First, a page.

Since the first prize was awarded in 1901, 76 researchers who went on to win a Nobel have published their work in APS journals. Many of their discoveries explained how our bodies work, spurred new technologies and led to the development of treatments for diseases such as anemia, diabetes and cancer. Check out our Nobel Laureates page to learn more about these scientists, the research that won them the prize and the articles they published in the APS journals.
During American Diabetes Month in November, you may notice more people are talking about diabetes, a disease that affects 29 million Americans. It’s a great time to learn more about diabetes and the ways that you can decrease or manage your risk of developing the disease.
Diabetes mellitus is a problem with how your body handles blood glucose (sugar). People who have type 2 diabetes aren’t able to use the hormone insulin properly to remove glucose from the bloodstream for use in the fat and muscle cells. Ultimately, this causes people with type 2 diabetes to have higher than normal levels of glucose in their blood.
You may have heard that someone who is overweight and has a large, apple-shaped body is more likely to develop metabolic syndrome—a group of health conditions such as elevated blood pressure, blood sugar and cholesterol levels—which may increase the risk of developing diabetes. However, there are a number of less well known risk factors for type 2 diabetes including:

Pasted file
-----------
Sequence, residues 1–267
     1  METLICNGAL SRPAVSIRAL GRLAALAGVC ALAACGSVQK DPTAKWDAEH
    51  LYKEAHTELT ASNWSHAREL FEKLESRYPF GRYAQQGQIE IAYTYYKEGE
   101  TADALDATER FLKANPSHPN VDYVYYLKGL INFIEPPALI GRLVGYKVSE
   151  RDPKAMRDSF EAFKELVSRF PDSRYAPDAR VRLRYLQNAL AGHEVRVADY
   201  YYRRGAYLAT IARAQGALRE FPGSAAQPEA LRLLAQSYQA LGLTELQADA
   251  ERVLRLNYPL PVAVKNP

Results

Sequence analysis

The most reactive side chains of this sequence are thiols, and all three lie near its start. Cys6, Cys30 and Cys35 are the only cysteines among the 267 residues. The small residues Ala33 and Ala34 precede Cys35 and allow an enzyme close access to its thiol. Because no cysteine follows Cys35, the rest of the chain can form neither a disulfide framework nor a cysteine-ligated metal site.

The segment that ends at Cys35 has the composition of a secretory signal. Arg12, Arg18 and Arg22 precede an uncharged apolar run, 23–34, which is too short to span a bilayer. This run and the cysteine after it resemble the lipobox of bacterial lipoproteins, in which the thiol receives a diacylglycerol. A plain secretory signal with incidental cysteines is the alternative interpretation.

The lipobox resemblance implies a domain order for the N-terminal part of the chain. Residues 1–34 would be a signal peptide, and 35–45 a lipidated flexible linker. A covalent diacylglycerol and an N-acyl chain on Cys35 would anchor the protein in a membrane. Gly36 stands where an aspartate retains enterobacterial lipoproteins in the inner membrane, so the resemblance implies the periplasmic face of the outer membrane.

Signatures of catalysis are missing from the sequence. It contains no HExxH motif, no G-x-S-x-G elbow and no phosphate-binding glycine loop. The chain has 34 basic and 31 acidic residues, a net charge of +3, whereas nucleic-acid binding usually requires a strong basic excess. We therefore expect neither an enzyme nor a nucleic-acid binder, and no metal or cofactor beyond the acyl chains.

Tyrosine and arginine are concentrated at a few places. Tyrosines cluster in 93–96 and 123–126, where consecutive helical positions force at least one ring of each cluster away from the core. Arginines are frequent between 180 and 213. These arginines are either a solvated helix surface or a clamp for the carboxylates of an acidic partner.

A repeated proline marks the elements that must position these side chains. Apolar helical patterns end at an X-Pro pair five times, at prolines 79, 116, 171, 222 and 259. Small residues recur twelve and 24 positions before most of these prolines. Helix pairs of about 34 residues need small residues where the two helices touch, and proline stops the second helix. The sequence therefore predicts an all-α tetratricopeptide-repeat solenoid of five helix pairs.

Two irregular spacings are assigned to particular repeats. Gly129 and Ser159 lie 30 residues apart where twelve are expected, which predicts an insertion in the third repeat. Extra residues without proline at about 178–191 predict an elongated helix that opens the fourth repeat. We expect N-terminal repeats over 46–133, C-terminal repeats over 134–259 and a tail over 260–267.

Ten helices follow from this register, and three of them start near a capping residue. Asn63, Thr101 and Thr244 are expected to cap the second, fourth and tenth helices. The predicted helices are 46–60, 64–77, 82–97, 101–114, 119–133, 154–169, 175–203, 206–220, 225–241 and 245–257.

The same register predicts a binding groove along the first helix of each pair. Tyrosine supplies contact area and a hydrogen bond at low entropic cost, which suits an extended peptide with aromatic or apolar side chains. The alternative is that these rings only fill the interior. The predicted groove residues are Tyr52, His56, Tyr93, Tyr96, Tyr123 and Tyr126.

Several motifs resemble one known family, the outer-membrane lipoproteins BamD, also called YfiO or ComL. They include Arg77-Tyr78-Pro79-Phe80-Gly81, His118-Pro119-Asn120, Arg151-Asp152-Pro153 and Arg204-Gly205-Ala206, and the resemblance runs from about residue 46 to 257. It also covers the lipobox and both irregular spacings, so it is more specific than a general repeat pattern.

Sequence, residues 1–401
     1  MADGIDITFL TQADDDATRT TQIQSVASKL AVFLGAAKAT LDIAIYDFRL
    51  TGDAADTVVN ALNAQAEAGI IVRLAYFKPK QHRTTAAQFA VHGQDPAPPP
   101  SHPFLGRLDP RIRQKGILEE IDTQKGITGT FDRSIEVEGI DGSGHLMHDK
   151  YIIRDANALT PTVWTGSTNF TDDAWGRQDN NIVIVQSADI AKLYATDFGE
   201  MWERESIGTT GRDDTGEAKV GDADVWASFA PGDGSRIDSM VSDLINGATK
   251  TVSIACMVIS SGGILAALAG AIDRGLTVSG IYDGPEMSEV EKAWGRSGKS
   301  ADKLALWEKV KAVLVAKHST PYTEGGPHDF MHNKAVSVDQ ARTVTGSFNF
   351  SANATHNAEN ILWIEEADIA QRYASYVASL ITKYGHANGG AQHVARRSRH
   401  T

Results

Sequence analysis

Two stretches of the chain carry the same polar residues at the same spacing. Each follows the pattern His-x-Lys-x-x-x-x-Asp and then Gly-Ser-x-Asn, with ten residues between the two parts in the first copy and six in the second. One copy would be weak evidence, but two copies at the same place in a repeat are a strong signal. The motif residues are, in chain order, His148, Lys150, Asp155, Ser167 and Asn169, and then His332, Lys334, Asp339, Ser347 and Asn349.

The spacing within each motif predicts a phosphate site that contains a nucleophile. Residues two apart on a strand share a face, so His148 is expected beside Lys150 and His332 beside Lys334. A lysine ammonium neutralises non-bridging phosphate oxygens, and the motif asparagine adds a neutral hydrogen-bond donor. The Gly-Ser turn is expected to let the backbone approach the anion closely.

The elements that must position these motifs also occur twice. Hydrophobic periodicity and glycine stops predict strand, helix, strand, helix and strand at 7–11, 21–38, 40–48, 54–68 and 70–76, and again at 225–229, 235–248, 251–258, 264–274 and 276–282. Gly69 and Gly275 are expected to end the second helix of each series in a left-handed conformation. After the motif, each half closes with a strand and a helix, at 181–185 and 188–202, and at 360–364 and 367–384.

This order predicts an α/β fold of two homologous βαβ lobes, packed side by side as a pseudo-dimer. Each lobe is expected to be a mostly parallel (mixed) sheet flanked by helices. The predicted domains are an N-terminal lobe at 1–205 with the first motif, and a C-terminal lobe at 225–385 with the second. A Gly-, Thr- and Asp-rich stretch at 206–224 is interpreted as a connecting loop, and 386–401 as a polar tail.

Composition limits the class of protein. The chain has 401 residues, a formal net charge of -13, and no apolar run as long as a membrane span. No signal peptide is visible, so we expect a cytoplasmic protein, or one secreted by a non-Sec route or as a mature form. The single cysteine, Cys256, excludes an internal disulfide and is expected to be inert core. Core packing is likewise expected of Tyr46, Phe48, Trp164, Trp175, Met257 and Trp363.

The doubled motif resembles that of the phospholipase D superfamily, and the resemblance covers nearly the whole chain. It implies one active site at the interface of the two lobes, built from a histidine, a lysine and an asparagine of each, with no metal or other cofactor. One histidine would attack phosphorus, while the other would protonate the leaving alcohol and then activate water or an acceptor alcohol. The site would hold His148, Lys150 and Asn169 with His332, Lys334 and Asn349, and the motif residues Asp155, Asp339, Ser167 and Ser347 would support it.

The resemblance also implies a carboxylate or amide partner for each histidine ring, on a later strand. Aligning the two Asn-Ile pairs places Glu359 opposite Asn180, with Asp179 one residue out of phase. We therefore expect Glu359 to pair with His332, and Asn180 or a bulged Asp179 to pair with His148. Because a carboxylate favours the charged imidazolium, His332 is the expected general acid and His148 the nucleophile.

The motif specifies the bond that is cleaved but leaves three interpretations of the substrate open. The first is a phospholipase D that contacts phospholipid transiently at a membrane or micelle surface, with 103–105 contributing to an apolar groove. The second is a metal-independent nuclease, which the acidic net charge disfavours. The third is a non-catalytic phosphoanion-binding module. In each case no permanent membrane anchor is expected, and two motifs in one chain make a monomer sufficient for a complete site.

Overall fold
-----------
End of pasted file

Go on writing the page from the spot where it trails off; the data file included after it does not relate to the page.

Some research even links non-health-related factors such as job security to an increased diabetes risk. A recent study published in the Canadian Medical Association Journal analyzed data from 19 different studies including almost 141,000 participants which suggested that job insecurity was associated with a modest increased risk of diabetes. Job insecurity has also been associated with weight gain (a diabetes risk factor) and coronary artery disease (a complication of diabetes).
Recognizing risk factors for diabetes and dealing with them, if possible, is important for both children and adults. Consuming a healthy, nutrient-rich diet and staying physically active can help maintain weight, manage stress and avoid type 2 diabetes and its many related complications. To learn more about ways to prevent diabetes, visit the American Diabetes Association website.
Barb Goodman, PhD, is a professor of physiology at the University of South Dakota.